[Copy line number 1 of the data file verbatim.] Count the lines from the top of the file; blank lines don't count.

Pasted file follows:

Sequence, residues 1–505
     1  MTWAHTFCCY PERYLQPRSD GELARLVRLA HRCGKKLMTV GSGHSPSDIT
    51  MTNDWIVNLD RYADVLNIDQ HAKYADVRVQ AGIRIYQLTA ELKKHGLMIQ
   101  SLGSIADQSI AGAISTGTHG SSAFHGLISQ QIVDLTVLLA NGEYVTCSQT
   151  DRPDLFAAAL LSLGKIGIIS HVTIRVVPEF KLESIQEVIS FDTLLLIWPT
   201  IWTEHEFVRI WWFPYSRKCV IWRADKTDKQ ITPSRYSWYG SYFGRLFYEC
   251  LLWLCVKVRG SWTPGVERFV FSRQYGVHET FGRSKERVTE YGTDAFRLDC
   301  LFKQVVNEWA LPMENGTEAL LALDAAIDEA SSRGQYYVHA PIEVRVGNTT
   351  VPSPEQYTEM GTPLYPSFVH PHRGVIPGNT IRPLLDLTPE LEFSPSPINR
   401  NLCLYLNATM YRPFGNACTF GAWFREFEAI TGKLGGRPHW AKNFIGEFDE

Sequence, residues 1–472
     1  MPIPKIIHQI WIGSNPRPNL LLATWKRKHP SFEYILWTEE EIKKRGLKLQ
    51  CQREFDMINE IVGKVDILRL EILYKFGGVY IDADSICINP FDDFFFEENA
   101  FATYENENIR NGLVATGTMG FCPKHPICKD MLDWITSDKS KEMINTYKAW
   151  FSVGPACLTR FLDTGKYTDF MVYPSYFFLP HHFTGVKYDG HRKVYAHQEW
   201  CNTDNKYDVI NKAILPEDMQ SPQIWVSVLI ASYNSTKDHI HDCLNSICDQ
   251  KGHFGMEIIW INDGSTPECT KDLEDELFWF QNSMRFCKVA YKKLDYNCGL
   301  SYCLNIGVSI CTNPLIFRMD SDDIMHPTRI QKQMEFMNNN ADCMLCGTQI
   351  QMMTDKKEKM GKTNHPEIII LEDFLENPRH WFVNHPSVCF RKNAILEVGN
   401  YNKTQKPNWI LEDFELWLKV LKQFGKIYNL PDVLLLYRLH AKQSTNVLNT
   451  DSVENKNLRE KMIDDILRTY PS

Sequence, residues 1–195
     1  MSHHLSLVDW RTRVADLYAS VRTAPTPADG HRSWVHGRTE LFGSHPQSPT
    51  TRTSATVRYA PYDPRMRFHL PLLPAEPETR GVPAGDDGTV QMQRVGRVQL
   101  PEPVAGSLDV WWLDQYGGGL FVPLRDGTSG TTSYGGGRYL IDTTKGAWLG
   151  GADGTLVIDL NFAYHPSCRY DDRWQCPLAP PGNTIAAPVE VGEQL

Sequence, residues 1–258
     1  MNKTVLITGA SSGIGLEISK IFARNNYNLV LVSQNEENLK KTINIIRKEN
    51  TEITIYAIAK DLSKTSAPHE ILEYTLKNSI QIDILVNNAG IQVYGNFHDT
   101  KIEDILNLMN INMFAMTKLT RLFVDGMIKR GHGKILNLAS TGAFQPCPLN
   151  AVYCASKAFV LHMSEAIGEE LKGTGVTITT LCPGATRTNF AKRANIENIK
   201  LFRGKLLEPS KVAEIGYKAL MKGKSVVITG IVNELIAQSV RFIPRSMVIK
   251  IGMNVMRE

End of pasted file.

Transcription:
Sequence, residues 1–505